poems, poetry, staring at the sun, kerem durdag


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pablo's ocean, pablo's sky

for Mary

let me tell you a true story:
a long time ago when the world had
just been born from the womb of our mother,
there were no oceans and sky,
a poet named pablo came up to the devil and said,
give the world some water
and air.
the devil said why are you asking me?
the poet said, my father is busy.
a smile licked the face of the devil and he said,
for the water and air what will you give me
to which the poet said
I will give you all my words.
the devil, one who had never spoken or written eloquently
and gave the world the ocean and the sky at the dawn of the next day.
in the morning when the poet woke up
he was dumb and crippled in the hands;
he went outside and saw the blue ocean
the blue sky
walked up to the house of the devil;
the devil wasn't anywhere...
he went behind to the garden where the fig trees were
and he saw the devil in mortal agony
doubled over, blood trickling from the corner of his mouth,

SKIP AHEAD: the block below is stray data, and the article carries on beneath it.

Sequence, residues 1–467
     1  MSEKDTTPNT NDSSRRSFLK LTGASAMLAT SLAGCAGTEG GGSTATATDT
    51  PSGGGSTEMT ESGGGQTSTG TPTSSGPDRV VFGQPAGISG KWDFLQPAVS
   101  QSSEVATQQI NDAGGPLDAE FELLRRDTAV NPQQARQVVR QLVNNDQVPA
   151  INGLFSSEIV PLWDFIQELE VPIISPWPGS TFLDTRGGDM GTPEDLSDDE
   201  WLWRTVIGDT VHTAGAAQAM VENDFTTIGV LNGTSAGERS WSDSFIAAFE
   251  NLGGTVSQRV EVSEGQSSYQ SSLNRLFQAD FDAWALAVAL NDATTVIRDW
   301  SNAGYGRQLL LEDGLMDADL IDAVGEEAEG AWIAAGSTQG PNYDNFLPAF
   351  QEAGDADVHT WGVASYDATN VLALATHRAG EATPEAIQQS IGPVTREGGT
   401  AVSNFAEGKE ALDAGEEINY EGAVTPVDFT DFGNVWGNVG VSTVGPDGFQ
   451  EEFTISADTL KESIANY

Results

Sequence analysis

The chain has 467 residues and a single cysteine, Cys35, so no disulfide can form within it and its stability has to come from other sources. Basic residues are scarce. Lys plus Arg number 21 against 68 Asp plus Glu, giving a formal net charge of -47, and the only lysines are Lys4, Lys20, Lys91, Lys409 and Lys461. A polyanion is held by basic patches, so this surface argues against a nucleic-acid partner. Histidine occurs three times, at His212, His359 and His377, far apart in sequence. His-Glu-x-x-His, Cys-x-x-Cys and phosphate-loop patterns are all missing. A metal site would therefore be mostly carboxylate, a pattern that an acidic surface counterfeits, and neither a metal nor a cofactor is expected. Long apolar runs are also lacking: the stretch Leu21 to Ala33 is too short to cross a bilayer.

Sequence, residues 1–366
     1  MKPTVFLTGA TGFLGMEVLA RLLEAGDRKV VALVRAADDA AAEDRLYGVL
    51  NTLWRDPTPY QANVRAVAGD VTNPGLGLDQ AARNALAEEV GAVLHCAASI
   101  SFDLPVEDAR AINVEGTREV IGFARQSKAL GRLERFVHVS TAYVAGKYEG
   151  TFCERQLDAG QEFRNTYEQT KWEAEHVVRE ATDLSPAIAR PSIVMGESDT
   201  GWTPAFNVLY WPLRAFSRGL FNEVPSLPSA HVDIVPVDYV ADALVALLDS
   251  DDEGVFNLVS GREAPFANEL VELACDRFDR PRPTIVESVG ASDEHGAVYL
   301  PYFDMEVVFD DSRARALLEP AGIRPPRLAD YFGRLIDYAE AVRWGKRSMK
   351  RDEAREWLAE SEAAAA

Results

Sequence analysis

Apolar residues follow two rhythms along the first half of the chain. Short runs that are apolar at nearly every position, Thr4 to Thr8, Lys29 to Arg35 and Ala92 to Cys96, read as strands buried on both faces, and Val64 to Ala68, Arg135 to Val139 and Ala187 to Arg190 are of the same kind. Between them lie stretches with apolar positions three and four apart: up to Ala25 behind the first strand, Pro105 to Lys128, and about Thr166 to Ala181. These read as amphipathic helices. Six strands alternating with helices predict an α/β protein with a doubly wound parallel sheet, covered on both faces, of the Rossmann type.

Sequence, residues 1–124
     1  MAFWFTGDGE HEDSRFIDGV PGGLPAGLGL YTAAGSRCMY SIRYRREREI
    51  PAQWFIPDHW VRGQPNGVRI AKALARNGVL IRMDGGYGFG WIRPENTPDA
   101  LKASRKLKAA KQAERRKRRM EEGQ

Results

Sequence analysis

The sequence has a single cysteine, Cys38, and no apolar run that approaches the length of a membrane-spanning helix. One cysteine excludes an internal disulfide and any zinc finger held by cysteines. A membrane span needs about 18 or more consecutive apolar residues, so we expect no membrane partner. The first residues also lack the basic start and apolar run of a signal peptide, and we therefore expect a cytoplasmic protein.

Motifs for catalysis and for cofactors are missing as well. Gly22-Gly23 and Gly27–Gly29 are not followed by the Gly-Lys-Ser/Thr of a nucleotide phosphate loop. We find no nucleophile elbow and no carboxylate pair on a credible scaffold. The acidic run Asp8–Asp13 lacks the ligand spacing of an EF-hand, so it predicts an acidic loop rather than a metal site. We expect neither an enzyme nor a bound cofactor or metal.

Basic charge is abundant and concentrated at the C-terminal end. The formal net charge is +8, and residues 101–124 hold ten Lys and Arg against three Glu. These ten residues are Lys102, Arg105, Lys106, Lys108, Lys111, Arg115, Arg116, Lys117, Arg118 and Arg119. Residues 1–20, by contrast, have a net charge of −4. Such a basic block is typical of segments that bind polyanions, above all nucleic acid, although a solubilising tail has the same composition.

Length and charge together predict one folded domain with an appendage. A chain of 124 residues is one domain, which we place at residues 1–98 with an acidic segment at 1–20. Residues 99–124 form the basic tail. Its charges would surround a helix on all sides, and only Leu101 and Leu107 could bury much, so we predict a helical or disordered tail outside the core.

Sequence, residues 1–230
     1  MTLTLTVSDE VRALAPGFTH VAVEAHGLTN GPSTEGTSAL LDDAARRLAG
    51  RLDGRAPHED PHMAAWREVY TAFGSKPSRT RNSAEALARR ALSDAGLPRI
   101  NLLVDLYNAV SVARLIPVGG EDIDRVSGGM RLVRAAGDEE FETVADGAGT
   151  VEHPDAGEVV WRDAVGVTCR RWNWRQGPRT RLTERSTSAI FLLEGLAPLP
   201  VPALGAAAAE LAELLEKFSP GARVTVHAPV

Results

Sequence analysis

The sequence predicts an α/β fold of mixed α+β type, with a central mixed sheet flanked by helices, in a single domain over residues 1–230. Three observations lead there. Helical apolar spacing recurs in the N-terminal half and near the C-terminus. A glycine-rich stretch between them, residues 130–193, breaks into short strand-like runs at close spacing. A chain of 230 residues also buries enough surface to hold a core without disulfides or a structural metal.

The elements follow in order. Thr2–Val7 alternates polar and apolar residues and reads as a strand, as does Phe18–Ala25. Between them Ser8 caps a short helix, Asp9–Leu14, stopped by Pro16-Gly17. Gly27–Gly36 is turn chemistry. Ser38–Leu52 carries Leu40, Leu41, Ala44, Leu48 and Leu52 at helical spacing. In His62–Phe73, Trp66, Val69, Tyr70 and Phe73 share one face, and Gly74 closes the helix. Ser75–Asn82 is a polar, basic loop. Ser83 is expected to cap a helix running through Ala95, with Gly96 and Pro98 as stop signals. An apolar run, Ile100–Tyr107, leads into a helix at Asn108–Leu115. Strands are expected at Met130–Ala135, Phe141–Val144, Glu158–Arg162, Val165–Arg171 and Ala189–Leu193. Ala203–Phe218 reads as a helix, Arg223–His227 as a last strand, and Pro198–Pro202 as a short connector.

eyes rolling over, skin wasting away from his skin,
the devil moaned, you killed me.
that was the last words he spoke.
the poet smiled,
walked back to the ocean,
dived in
floated away face up
and disappeared.
that is why on days when the sun clasps the
ocean and sky together to breath forth the secrets
of all of us and all of everything,
you will see the waves
curl up and not crash,
the air will rise and not abate,
and you will hear a voice say
this is your ocean
this is your sky
and the devil has been dead for a very long time.

By Kerem Durdag

Lapiz Lazuli

for Charles Bukowski

Sometimes, after I come from work, I want to hang upside down
from the ceiling in my
apartment. I want to grab onto
that blood rush. The other day
I am driving from work and
singing at the top of my lungs,
my other colleagues on the road
thinking why is this madman
not realizing he looks like an
utter fool. I say to myself,
screw them, it is my car, my music,
my space, and it is something
to kill the boredom; I hate
to see asphalt pass under me
without recognizing my presence,
my life; the asphalt will not
hypnotize me. But I want
that blood rush bad. All
the confusions of the day will
coalesce from my feet onwards
and ram into the walls of my head,
disintegrating into little frothing bubbles
of laughter. It is a small
thing to ask. A small rush, a
tiny addiction. The only way to
keep the hovering gargoyles of hell at bay.

By Kerem Durdag